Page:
If the new 111th Congress, which will meet for the first time on Wednesday, really wants a boost in their ratings and a chance to show the electorate that they are not the same ole wimps playing politics as usual, there’s a way that could jump start their efforts. As a start to their first meeting, majority leaders Nancy Pelosi and Harry Reid should announce a bill that would rescind the automatic pay increase for all members of Congress, scheduled to begin this week. And in a show of force of how efficient this new Congress intends to be, they should pass the bill immediately.
This would indeed be a good faith effort to demonstrate to those who elected them that Congress is working for the people. It might also help with their public approval ratings, which are still historically low; the latest polls consistently show between 72 and 79 percent disapproval of Congress, though that shouldn’t be the reason for action. It is simply the right thing to do.
Senator Dianne Feinstein (D-CA) is chairwoman of the Senate Rules and Administration Committee, a committee that is the first stop for legislation related to “Payment of money out of the contingent fund of the Senate or creating a charge upon the same.” Feinstein is on record telling the Sacramento Bee that she “wants nothing to do with the raise. If she gets a raise, Feinstein plans to give it to charity.”
While charitable contributions are much needed this season, Feinstein’s gesture is cosmetic. Donating the proceeds to charity (which in turn grants the donor a tax break) is hardly the same as actively working to change the law. With an official Recession, talk of Depression, and more big problems than anyone can count on both hands, you’d think our representatives would want to reach not just across the aisle to each other but to the general public who just re-elected them. So why hasn’t the Congressional leadership denounced a pay raise at this time and promised to rescind it?
In 1989, Congress passed the Ethics Reform Act (H.R. 3660). The Act mostly dealt with campaign finance reform, with a section devoted to compensation of federal workers, including members of Congress, taking the issue of Congressional compensation to a new level. For the first time, Congressional pay increases were linked to those of other federal employees, thus assuring Congress of a large constituency that would never lobby against future increases. In effect, the measure increased Congressional pay by a whopping 25 percent within a two-year period, thereafter injecting automatic, albeit smaller, increases. This piece of legislation removed a contentious and perhaps embarrassing process from yearly scrutiny and possible criticism. Without legislative change, the increases since then have been and continue to be on automatic pilot. The public usually doesn’t notice, which was the point.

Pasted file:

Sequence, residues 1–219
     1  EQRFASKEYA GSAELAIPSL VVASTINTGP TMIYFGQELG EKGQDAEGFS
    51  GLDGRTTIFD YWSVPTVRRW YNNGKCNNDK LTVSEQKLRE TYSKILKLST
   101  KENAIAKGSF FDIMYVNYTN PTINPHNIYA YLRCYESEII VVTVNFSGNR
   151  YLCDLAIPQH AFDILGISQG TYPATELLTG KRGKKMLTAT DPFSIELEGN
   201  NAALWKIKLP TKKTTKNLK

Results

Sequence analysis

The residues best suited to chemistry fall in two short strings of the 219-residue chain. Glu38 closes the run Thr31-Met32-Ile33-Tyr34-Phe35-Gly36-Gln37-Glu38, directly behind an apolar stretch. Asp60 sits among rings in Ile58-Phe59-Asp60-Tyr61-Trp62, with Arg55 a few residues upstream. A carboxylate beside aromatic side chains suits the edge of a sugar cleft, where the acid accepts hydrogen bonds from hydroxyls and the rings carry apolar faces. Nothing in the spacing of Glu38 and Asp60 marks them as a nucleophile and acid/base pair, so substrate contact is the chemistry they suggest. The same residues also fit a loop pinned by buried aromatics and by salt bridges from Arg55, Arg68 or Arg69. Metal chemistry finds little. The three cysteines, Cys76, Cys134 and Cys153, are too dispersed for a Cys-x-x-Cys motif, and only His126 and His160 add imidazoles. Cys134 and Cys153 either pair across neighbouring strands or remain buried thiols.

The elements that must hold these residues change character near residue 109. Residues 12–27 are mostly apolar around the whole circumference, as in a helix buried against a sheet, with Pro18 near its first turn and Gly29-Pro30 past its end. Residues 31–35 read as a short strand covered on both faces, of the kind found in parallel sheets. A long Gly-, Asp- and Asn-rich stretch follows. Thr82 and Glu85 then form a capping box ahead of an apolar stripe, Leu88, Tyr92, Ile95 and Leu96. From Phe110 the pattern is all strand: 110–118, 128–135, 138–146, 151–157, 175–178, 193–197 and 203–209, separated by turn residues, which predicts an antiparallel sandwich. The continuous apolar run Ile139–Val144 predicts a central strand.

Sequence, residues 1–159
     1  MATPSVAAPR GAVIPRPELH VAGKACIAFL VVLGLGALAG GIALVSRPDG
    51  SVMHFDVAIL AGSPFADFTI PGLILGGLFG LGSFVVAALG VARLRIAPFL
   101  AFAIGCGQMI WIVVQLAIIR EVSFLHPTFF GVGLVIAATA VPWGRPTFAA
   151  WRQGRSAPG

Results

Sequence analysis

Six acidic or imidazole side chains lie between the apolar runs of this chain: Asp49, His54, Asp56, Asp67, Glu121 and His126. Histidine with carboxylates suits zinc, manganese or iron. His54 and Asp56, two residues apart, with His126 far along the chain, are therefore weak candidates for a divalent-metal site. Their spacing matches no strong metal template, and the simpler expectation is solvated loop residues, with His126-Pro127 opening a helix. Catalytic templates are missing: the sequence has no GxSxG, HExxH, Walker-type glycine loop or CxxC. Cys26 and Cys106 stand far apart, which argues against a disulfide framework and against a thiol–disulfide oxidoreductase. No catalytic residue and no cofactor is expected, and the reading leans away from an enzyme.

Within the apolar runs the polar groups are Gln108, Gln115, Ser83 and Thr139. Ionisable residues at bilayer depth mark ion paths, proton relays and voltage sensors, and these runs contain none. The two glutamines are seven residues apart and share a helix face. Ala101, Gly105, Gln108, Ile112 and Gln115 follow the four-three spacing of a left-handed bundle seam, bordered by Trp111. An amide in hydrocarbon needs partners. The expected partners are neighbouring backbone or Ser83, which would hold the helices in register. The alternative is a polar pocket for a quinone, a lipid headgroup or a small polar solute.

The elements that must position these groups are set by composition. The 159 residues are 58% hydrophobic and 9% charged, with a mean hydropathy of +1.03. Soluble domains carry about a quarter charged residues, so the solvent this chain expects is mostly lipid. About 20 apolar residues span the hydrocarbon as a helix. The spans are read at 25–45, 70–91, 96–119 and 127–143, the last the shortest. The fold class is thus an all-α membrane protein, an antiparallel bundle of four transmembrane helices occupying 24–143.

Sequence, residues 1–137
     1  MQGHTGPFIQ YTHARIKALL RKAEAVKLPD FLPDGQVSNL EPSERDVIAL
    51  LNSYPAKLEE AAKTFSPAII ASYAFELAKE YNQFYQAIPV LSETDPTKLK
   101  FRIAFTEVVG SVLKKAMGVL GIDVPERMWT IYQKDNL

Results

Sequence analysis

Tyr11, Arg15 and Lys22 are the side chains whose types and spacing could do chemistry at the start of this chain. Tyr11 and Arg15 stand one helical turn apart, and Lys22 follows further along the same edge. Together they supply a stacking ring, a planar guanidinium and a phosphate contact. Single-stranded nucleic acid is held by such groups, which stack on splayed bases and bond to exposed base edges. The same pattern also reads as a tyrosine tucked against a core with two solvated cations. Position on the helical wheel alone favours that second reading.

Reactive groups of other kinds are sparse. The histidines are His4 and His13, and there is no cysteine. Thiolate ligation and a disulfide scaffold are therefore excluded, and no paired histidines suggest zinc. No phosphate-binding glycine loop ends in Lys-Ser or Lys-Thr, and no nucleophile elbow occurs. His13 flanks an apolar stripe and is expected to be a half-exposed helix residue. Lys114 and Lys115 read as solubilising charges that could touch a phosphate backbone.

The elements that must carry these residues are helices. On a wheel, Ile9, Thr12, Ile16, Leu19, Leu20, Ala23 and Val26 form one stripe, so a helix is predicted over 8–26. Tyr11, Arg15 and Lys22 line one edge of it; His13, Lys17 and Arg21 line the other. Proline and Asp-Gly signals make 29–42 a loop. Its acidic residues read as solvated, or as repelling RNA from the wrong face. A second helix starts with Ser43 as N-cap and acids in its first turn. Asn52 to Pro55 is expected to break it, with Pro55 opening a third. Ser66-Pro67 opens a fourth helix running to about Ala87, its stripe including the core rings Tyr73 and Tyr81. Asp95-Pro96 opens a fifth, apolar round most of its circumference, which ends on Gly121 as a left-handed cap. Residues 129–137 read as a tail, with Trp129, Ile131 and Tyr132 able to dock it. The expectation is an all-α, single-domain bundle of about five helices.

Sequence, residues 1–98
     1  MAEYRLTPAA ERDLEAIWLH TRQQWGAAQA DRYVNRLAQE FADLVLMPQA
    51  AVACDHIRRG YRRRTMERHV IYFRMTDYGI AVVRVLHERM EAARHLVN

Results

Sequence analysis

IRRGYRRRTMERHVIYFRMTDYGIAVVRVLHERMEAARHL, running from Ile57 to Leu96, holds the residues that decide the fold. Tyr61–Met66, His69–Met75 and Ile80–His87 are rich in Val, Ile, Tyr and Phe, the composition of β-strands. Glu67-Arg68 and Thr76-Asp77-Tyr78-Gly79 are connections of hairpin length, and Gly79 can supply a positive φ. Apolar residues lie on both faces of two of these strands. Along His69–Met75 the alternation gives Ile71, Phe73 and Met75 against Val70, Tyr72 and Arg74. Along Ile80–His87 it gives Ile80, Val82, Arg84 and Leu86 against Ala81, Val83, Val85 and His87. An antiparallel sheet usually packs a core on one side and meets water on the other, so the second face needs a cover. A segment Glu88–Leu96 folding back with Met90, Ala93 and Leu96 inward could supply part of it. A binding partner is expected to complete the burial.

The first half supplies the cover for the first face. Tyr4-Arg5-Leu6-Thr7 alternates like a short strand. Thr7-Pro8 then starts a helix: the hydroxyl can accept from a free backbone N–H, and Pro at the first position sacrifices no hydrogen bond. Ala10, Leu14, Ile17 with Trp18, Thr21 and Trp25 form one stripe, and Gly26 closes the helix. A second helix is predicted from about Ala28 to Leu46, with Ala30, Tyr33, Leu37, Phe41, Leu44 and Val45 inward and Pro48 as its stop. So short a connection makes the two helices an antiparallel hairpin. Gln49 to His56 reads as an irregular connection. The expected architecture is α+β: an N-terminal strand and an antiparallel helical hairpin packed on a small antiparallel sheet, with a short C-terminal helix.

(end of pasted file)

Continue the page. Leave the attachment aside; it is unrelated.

To be fair, a few lone representatives have periodically attempted to get rid of this automatic atrocity, but never the leadership. In 2004, Rep. Jim Matheson's (D-UT) tried to bring a motion to separate the pay raise from an appropriations bill; it was rejected 240-173. There are now a handful of Congress members who say they will refuse this year’s 2.8 percent increase, all from Indiana: Sen. Evan Bayh (D), Rep. Mike Pence (R), Rep. Dan Burton (R), and Rep. Brad Ellsworth (D). And first-term Arizona Democrat, Rep. Harry Mitchell deserves credit for earlier this year sponsoring legislation (H.R. 5087) that would have blocked the automatic pay adjustments that are about to take effect. In spite of the bill’s 34 co-sponsors, it never made it out of committee.
Had Mitchell’s bill passed, it would have been a good start, but would not have done enough. Just rescinding the increase for this year is show and tell for public consumption; the increases will kick in again automatically next year anyway.
That’s not to say that our representatives shouldn’t be paid, and paid fairly. However, it may be worth remembering that at the time of the Ethics Reform Act, we were still recovering from the stock market crash and there was much talk of a recession; Congressional pay raises had previously been voted down.
Given our current economic problems, much worse than what we were facing in 1989, Congressional pay hikes are unconscionable. But even in good times, legislation like this buries a truth from the public and feels duplicitous. When asked, representatives are happy to go on record, and even on camera, to demonstrate their empathy for the general public. Let’s face it: With few exceptions, the men and women we send to Washington are millionaires, some many times over. None are on par with average workers struggling to stay in place. In addition to their salaries, they have reduced-cost premier medical insurance and cushy retirement plans, all compliments of the US taxpayers. None are in danger of losing their homes or being bankrupt by illness, and none are worried about retiring in poverty. So when we hear our representatives say that they “feel our pain,” it’s more akin to feeling the pain of characters in a film: We watch them on screen, perhaps shed a few tears, talk about them for a few minutes, and then forget about them and go back to our lives.
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